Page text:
Microfilmed collection of 600 serials from across Latin America, from the Nettie Lee Benson Latin American Collection, including government publications and other serials published primarily between 1821 and 1982. The rare and endangered titles were originally captured on microfilm during the early1980s through a U.S. Department of Education Title II-C grant. The Benson Library created archival-quality master negatives, but was unable make these accessible until print masters and catalog records could be created. The LAMP effort supported the duplication of film, which included a copy to be held at the Center for Research Libraries, and Texas supported the cataloging of the resources. This eight-year effort added approximately 900 reels of microfilm to LAMP’s collection....
The Princeton University Library (PUL) sought support from the Latin Americanist Research Resources Project (LARRP) for digitizing an extensive hidden collection of ephemeral materials from Latin America. The proposed 3-year pilot project is an essential step in the larger process of making the digitally reformatted ephemera freely and globally available through a discovery interface which will include faceted searching and browsing. Outcomes of the 3-year project are approximately 12,800 digital objects with accompanying item-level descriptive metadata, deployment of a scalable, sustainable and replicable model for timely online disclosure of similar collections with a robust...
This project will digitize, to develop metadata, and make openly accessible items from the Genaro García Collection related to the area of liberal reform and French intervention in Mexico (1855-72). This will help us further highlight the Nettie Lee Benson Latin American Collection’s foundational Genaro García Collection ahead of the Benson’s centennial celebration in 2021 while creating a discrete, thematic set of documents for use by researchers, undergraduates, and digital scholarship. We request funding for an undergraduate digitization assistant, a graduate student to create metadata, and basic supplies related to scanning as well as transport and storage of materials between the Benson Latin American Collection and the Perry-Castañeda Library.
International Population Census Publications for Latin America and the Caribbean, 1990-2005. Printed volumes of Latin American tabular data, held by the U.S. Census Bureau International Library (subset of larger, comprehensive collection held by the Census Bureau), per Lara Cleveland at IPUMS.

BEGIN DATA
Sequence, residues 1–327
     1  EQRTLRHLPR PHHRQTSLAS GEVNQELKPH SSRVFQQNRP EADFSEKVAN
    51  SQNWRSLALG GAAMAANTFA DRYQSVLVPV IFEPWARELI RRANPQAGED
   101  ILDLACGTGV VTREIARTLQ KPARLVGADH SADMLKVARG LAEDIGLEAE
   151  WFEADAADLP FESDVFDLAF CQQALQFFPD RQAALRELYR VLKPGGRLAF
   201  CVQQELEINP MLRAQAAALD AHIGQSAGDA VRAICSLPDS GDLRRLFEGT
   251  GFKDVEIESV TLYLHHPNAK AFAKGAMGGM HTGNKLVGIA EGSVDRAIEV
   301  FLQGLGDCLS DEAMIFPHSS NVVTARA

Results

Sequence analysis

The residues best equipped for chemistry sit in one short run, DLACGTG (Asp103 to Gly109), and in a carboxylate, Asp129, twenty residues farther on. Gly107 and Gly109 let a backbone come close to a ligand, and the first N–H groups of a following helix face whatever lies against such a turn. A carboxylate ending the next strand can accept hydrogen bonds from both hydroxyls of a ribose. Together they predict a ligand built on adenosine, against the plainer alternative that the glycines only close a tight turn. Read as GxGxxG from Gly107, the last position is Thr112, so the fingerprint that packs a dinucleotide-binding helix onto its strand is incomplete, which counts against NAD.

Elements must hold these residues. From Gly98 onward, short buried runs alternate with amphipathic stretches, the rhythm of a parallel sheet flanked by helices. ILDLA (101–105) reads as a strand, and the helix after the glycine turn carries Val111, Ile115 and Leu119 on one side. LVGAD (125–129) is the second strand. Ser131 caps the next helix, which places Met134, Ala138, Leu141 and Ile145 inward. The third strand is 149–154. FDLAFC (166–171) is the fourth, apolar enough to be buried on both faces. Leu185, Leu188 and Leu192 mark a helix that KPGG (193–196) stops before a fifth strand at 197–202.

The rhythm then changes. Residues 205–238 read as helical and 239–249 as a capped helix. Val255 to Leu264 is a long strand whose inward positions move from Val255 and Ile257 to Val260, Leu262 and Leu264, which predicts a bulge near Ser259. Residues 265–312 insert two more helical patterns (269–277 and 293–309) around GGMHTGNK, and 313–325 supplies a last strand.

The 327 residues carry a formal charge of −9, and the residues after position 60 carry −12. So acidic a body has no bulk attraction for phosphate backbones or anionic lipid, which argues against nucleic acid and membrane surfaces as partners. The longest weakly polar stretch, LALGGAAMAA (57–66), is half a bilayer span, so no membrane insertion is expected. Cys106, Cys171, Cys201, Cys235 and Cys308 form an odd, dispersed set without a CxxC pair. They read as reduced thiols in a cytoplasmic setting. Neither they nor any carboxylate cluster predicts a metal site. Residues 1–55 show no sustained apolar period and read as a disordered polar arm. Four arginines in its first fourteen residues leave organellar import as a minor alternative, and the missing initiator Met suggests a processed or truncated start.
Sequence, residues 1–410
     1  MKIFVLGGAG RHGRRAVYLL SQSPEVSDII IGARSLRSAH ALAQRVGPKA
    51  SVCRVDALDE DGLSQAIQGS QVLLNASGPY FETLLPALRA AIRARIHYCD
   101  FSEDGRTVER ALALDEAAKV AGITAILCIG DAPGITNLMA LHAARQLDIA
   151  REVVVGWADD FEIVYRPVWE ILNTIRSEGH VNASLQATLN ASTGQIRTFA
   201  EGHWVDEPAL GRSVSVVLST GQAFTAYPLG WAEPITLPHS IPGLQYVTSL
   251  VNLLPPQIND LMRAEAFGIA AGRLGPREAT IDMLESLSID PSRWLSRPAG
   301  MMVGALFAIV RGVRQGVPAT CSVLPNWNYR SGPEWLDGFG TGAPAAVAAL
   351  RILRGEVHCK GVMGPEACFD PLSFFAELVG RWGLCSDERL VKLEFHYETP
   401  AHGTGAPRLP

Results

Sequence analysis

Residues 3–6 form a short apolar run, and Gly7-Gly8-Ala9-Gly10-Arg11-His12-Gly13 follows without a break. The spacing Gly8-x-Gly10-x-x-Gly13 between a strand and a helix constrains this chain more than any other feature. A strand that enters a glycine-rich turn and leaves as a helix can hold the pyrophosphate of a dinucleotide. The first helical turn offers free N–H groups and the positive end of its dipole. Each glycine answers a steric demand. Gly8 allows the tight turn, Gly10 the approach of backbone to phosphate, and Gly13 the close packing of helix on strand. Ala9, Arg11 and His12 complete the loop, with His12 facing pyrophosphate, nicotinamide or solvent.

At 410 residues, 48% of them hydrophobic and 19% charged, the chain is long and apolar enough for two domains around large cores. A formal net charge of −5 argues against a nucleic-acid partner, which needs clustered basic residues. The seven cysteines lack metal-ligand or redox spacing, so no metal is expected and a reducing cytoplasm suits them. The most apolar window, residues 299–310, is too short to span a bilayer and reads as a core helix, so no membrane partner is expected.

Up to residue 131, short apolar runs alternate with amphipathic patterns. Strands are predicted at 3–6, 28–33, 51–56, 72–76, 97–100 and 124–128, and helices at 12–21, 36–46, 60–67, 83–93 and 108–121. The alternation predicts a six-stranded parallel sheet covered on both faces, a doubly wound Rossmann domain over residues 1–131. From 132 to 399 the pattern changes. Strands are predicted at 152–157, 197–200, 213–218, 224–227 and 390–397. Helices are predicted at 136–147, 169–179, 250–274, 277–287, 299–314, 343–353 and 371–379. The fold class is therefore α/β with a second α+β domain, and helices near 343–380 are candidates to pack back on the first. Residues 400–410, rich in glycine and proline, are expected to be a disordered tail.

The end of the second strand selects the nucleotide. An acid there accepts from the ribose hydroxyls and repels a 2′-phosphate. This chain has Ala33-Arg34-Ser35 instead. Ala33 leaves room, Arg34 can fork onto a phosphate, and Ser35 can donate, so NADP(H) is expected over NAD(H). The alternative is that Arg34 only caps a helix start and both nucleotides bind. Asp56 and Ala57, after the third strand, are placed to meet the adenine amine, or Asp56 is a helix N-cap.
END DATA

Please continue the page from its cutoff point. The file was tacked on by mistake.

The Census Bureau participates in an international publication exchange with counterpart national statistical agencies, a program that has contributed many publications within the Bureau's International Collection. The Bureau's International Collection began growing substantially with the Census Bureau’s increased international analytical and technical assistance activities in the post-World War II years. The entire collection was cataloged at the turn of the...
First announced in 2016, the CRL/LHL Global Resources Partnership in Science, Technology and Engineering targets historical, pre-1950s serial titles identified as being of high value for historical research. The project combines partial runs of titles held by the two organizations, prioritized by subject (as informed by strengths declared in the partnership Collection Management Policies), and clustered around specific themes or subjects.
In the coming year, the list of titles for potential inclusion include serials published in Latin America about a variety of scientific...
Proposal to convert and upgrade the digital collection of Mexican and Argentine presidential speeches from the 19th century orginially scanned by the Latin Americanist Research Resources Project (LARRP).
In 2000, LARRP converted over 75,000 frames of microfilmed Spanish-language government documents to digital format. The material was originally microfilmed by the Library of Congress (Argentina) and LAMP (Mexico) on LARRP's behalf. The converted materials were hosted by LANIC at the University of Texas at Austin as GIF files, with larger TIFF files available for downloading.
We propose to harvest the TIFF images from LANIC/Texas (with permission) and to re-process the files to capture full text (OCR) and related metadata.
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